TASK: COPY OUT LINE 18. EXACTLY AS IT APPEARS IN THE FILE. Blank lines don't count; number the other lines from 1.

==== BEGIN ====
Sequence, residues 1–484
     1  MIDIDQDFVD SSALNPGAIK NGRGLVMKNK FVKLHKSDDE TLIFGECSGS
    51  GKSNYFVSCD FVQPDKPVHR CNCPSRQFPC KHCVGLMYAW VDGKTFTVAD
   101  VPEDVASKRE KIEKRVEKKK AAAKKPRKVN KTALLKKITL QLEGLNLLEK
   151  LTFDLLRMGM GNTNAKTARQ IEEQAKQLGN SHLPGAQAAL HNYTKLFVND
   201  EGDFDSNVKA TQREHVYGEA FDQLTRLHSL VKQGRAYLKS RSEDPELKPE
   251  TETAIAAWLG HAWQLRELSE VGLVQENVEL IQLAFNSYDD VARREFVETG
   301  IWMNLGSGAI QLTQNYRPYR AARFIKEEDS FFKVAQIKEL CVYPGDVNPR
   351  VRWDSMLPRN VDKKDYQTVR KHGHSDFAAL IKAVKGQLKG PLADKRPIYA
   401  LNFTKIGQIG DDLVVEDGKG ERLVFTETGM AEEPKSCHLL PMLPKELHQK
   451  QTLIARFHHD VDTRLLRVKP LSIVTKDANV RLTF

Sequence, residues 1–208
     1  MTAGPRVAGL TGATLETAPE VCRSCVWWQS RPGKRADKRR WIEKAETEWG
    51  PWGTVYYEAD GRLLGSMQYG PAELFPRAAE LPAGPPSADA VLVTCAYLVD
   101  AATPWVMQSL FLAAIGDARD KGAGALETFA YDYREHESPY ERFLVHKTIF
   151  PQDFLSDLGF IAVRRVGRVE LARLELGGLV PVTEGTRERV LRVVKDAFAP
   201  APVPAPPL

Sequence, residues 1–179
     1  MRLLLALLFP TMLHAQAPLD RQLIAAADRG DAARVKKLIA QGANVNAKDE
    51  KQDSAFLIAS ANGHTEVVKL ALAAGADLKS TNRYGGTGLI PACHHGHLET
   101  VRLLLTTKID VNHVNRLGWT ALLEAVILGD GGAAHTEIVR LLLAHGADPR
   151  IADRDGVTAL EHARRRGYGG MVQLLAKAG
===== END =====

Sequence, residues 1–179